There’s little doubt that a good cybersecurity training program is effective at boosting employees’ awareness of phishing tactics. One Ponemon Institute survey found that 79 percent of IT security professionals identified employee training as a key strategy for improving cyber resilience.
But let’s face it: Some organizations’ training programs aren’t very good, which would explain why 27 percent of them said their phishing failure rates had remained the same even after implementing a training program, according to Proofpoint’s annual State of the Phish report.
Lisa Plaggemier, executive director of the National Cybersecurity Alliance, said employees are plagued by an “epidemic of boringness” when it comes to cybersecurity training. She blamed this on training developers paying too much attention to compliance-focused box-checking and too little to making the training fun.
“We take the perspective of the content that we have to deliver—that’s what takes priority,” Plaggemier said. “It’s the laundry list of behaviors that’s listed in all of our policies—the regulation, what are we trying to comply with? We’re very, very focused on the content, but we’re forgetting that we’re training human beings.”
Joined by Jenny Brinkley, a director of security with Amazon, Plaggemier spoke at the RSA Conference, one of the largest cybersecurity events of the year, running through April 27 in San Francisco.
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Try Putting Some Emotion into Your Cybersecurity Training
Plaggemier said security leaders should ask themselves a few questions about their training programs: “Is it engaging? Does it get and hold their attention? Does it make them curious for more? Have you ever had anyone come to you after taking your security training and ask for more? It very rarely happens.”
She noted that many employees complete their cybersecurity training by ignoring it if they can. They open the training module in one tab and perform other tasks in another, or they fast-forward through the training to get straight to the required quiz.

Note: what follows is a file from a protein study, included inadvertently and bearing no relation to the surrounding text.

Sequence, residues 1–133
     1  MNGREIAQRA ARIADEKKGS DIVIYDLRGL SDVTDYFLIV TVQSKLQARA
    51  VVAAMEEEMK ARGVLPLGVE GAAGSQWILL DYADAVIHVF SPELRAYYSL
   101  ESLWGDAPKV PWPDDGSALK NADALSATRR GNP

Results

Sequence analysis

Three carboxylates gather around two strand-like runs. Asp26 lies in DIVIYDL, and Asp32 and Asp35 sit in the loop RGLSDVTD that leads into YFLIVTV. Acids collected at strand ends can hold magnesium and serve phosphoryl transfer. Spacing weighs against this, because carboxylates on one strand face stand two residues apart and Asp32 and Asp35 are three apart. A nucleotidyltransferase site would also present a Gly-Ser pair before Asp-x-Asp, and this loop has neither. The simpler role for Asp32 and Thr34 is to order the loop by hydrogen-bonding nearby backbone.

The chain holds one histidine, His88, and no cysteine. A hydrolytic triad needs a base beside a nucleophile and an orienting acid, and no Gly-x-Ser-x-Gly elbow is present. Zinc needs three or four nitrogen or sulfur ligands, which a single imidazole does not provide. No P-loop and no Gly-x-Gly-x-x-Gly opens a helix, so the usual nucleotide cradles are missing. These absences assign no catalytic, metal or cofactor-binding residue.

LEARN MORE: How to build a healthy culture of cyberdefense, starting with the board of directors.
Lisa Plaggemier, Executive Director, National Cybersecurity Alliance speaking at RSA 2023 (Photography by Bob Keaveney).
“We go through it as fast as we possibly can, unless the vendor has gotten really tricky and we can’t advance any of it until a boring voice has read to us every word that’s on the script,” she lamented. “From a user experience perspective, it’s awful. And for those of us who administer this training, I would argue that it’s not a good inspiration for behavior change. It’s not effective.”
Plaggemier and Brinkley said that focusing more on human emotion can help make a training program more enjoyable, citing the United Airlines preflight safety video as an example.
How to Make Cybersecurity Training More Engaging
They offered several suggestions for how IT security leaders, with their limited budgets and lack of experience as content creators, can improve awareness training:
- Brainstorm with creative types in your organization. Plaggemier suggested reaching out to people in your organization who are funny, creative and unique. Don’t worry about having much input from human resources or even from IT security. “I would argue that you only need one person from security,” she said. “Ask that group, ‘How do we make cybersecurity interesting?’ You’ll be shocked at the good ideas that come out of people.”
- Draw inspiration from pop culture. Don’t be too scrupulous about stealing others’ work if you don’t plan to market your training. “A famous playwright said, if you steal from one author, it’s plagiarism; if you steal from many, it’s research. Steal ruthlessly.”
- Be relatable. “Whatever are those things at your company that are super relatable, that little bit of inside baseball that everyone will get, can you somehow build on that?” Plaggemier said.
- Don’t break the budget. You don’t need to spend a fortune on production. You can hire freelance graphic designers, videographers and other creatives at reasonable prices. “There’s a whole gig economy out there,” Plaggemier said. “They don’t need to know much about cybersecurity; they just need to know enough to deliver the message.”
- Don’t let naysayers get you down. “You’re always going to have at least one person in every organization who doesn’t like what you’re doing, especially if you’re doing something different,” Plaggemier said. Don’t worry about it. Of course, if you’re doing something edgy, it’s wise to involve senior leadership, including HR, early on to get buy-in. But in general, Plaggemier said, someone taking mild umbrage might be “a hint that you might actually get people’s attention.”
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Photo courtesy of RSA Conference 2023